As the U.S. has been battered by successive natural disasters, displacing thousands, we have the opportunity to see the global refugee crisis with new eyes.
Never in my lifetime has the U.S. been so battered by successive natural disasters than in the past several months. First there were the monster hurricanes with benign names—Harvey, Irma, Maria—striking Texas, Florida and Puerto Rico. Then vicious wildfires scarred central California. These disasters displaced a record number of Americans, as many as 100,000 from the storms alone.
This is possibly the largest number of Americans in recent memory to experience what is sadly common around the globe—the plight of a refugee. People just like us, maybe even friends or relatives, now know what it’s like to run for their lives, lose all their possessions and find themselves at the mercy of strangers.
America has responded generously, as we always do, to aid our fellow citizens. While the government’s emergency apparatus swung into high gear, churches and charities raised millions—the One America Appeal, endorsed by five former presidents, alone raised $31 million.
Good for us. It’s heartening that we can put aside any differences and support our neighbors in their time of need.
But let me gently suggest something else that’s good for us: allowing these national crises to break down our biases and develop empathy for the world’s refugees.
Don’t get me wrong, helping Americans is important. And it’s natural to favor our own people. We tend to care more about people who are like us than those who are geographically distant and culturally different. That’s just how we’re wired.
But do we think God distinguishes between a displaced Texan and a displaced Syrian? Does God have different levels of compassion for people based on their location, their nationality or their religion?
Of course not. And that’s the challenge for Christians: We must try to see as God sees, care as he cares, and love as he loves.
God equipped us with empathy, the powerful ability to understand and care about others’ experiences. It often starts with pain, such as the untimely death of a loved one or battling cancer, but afterward you care deeply about others going through the same thing. I think there’s also a spiritual form of empathy—it’s what World Vision founder Bob Pierce meant when he famously prayed, “Let my heart be broken by the things that break the heart of God.” With the world’s suffering often so distant from us, we have to want our hearts broken. We have to work at it.
The plight of “American refugees” can help us empathize with refugees from places like Syria and South Sudan. The similarities are strong when you focus less on the cause of their displacement—‘confusing and complicated wars—and more on the human impact. Here are a few insights:
No one ever asks for trouble to befall them.
You can’t blame someone for living in the path of a hurricane—this year that would mean 2 million people in Houston, most of the state of Florida, and the entire island of Puerto Rico! Sure, you can move away from a hurricane zone, but no part of our country is immune to all disasters, and we are all equally undeserving of tragedy. Just the same, the vast majority of global refugees never wanted war to show up on their doorstep. They were just pawns in political or ethnic power games. They didn’t do anything wrong. In fact, they did the right thing for their families—by running away.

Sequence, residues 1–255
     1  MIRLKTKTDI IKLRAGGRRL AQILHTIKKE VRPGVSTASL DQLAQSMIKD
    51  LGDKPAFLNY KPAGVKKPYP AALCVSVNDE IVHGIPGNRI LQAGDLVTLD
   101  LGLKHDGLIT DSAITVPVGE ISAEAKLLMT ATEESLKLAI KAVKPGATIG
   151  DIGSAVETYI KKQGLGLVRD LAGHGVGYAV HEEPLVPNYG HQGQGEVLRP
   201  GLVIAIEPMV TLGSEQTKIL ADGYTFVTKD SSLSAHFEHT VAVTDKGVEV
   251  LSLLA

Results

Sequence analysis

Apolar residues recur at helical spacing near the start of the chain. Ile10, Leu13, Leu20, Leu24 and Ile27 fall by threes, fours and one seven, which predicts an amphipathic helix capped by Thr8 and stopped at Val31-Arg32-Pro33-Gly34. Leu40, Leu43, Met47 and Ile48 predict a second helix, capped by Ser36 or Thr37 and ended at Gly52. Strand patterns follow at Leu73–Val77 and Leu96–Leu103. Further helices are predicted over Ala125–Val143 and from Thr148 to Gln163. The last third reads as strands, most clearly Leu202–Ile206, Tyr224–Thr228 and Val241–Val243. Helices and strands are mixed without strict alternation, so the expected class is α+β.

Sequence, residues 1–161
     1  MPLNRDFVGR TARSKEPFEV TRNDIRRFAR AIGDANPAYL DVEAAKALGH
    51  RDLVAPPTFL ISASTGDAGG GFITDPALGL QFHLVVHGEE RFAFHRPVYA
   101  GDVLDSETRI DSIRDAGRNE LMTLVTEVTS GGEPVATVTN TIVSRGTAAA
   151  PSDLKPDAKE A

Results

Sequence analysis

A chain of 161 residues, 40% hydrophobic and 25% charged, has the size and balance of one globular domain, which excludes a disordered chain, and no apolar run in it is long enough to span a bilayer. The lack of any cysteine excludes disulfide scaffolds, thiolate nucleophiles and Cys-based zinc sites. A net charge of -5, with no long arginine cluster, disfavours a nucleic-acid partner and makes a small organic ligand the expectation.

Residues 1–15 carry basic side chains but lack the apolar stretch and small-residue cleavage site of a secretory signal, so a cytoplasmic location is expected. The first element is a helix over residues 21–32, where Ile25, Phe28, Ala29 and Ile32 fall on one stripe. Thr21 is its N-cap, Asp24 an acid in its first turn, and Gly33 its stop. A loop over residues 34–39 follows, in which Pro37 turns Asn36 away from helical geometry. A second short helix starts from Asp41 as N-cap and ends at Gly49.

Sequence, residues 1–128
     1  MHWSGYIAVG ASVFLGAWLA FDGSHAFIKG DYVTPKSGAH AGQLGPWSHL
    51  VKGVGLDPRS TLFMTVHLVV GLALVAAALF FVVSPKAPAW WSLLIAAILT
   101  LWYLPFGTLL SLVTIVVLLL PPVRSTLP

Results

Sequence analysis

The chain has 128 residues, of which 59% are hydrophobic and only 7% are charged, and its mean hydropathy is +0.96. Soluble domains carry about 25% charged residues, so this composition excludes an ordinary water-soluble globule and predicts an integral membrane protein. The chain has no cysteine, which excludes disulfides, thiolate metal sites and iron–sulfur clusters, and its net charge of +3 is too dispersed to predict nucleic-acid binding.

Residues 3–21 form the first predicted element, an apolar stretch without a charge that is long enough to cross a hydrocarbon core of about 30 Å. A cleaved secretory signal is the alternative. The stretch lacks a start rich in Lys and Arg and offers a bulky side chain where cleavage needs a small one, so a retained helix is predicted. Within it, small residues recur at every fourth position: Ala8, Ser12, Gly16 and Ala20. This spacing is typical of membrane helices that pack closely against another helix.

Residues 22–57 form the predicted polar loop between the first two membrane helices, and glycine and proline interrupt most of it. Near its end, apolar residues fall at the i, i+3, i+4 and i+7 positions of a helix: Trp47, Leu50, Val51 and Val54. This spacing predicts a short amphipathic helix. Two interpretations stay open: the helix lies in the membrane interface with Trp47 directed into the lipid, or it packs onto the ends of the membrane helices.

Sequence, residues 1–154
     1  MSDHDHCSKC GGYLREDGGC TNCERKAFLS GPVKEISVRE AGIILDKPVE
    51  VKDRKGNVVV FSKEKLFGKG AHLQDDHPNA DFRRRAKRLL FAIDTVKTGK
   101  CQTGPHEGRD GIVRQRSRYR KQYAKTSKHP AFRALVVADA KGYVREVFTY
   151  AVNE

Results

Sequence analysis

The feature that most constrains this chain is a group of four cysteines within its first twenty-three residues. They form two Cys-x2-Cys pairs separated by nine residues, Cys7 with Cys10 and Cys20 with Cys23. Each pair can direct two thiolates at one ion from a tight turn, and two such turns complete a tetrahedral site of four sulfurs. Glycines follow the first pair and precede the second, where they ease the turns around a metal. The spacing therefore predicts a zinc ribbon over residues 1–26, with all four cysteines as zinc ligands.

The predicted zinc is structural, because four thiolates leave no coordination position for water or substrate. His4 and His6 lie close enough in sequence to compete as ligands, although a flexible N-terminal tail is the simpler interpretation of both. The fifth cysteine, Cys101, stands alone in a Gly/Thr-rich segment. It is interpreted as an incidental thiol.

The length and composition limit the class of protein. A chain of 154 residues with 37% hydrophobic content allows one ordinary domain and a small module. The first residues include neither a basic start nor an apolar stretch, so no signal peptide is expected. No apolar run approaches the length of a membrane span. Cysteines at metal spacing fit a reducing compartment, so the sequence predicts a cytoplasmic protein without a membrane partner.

It’s emotionally upsetting to flee for your life.
Survivors of 2005’s Hurricane Katrina continue to experience psychological problems such as depression and substance abuse, and understandably, mental health professionals are worried about what’s ahead after all the recent disasters. Now imagine the trauma and stress of refugees who witnessed bloodshed and destruction. A Syrian woman I met in Lebanon told me about her son, who saw his sister shot dead in front of him and also narrowly escaped a bombing during the war. Four years later, he still shakes uncontrollably.
The most vulnerable people are most affected.
It was heart-wrenching to read about the elderly people who perished in Texas and California, and worrisome to hear that hurricanes shut down so many school districts that more than 1 million students were unable to go to class. The oldest and youngest generations always need the most help and, without special protection, are at the greatest risk in times of trouble. Health care breaks down, affecting the elderly and infirm, and education is interrupted, with potentially long-term consequences for children. Refugee camps and settlements around the world are tragically full of little children and elderly people living without the extra protection they need.
The world’s refugees are not so different from U.S. disaster survivors. They’re innocent people caught in a disastrous situation. They’re troubled and traumatized. And many of them are the defenseless young and the fragile elderly. They deserve our compassion, support and prayers just as much as our own citizens.
I challenge you to seize this moment in the wake of our disasters to look at the world’s dislocated people in the same compassionate way as we see American neighbors in need. With our biases blunted and our empathy engaged, we are better able to share God’s view of suffering—that of a brokenhearted, loving Father who sees nothing more than his children’s pain.
Richard Stearns (@richstearns) is the president of World Vision U.S. and the author of four books, including The Hole in Our Gospel and Unfinished.